- When you contact a physical therapy clinic for an appointment, ask about the physical therapist's experience in helping people with patellofemoral pain (PFP).
- During your first visit with a physical therapist, you will be asked to describe your symptoms in as much detail as possible, and say what makes your symptoms worse. Here are some tips to prepare for your visit.
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The American Physical Therapy Association (APTA) believes that consumers should have access to information that could help them make health care decisions and prepare for a visit with their health care provider.
The following articles provide some of the best scientific evidence related to physical therapy treatment of patellofemoral pain syndrome. The articles report recent research and give an overview of the standards of practice both in the United States and internationally. The article titles are linked either to a PubMed* abstract of the article or to free access of the full article, so you can read it or print out a copy to bring with you to your health care provider.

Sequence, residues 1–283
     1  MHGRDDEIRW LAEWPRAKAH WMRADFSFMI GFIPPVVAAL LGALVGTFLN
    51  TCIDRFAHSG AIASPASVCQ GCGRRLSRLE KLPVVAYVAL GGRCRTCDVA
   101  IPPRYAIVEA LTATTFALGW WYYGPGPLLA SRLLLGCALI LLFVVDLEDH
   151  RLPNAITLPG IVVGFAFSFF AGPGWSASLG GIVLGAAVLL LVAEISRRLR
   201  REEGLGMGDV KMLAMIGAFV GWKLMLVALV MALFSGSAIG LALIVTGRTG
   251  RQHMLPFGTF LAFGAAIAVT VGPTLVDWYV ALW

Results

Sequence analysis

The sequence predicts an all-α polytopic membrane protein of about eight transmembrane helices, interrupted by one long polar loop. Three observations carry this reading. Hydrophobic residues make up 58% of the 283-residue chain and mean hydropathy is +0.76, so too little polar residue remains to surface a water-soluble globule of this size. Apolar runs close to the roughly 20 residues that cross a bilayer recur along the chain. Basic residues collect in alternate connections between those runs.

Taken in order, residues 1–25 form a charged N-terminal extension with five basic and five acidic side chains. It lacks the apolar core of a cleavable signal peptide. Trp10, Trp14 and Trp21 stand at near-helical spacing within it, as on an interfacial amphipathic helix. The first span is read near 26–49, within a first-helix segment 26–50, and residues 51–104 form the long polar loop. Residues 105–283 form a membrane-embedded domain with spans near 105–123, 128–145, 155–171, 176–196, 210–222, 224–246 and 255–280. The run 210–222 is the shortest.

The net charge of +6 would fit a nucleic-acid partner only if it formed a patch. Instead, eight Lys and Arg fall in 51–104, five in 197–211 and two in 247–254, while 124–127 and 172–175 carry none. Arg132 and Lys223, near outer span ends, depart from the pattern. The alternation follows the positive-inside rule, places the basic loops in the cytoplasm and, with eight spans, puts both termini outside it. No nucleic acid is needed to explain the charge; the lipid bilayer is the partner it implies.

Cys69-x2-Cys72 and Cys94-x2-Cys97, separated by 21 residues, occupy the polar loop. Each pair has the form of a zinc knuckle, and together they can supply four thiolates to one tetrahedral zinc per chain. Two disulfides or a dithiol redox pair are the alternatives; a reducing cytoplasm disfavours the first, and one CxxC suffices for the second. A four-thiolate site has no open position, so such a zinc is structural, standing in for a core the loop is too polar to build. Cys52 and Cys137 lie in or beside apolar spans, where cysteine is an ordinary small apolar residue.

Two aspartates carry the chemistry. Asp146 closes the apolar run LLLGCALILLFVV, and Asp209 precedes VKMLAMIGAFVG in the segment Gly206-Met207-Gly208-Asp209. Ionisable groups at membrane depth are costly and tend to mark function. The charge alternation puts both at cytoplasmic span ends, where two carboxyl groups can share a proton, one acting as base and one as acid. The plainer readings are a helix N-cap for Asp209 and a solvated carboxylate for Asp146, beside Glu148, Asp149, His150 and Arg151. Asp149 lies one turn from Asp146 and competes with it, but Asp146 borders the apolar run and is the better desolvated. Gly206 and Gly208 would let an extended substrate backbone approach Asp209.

Patellofemoral pain: treating painful kneecaps. J Orthop Sports Phys Ther. 2019;49(9):633. Free Article.
Willy RW, Hoglund LT, Barton CJ, et al. Patellofemoral Pain. J Orthop Sports Phys Ther. 2019;49(9):CPG1–CPG95. Free Article.
Neal BS, Lack SD, Lankhorst NE, Raye A, Morrissey D, van Middelkoop M. Risk factors for patellofemoral pain: a systematic review and meta-analysis. Br J Sports Med. 2019;53(5):270–281. Free Article.
Lack S, Barton C, Sohan O, Crossley K, Morrissey D. Proximal muscle rehabilitation is effective for patellofemoral pain: a systematic review with meta-analysis. Br J Sports Med. 2019;49(21):1365-1376. Free Article.
* PubMed is a free online resource developed by the National Center for Biotechnology Information (NCBI). PubMed contains millions of citations to biomedical literature, including citations in the National Library of Medicine’s MEDLINE database.
Authored by Christopher Bise, PT, DPT, MS. Revised and reviewed by Richard Willy, PT, PhD.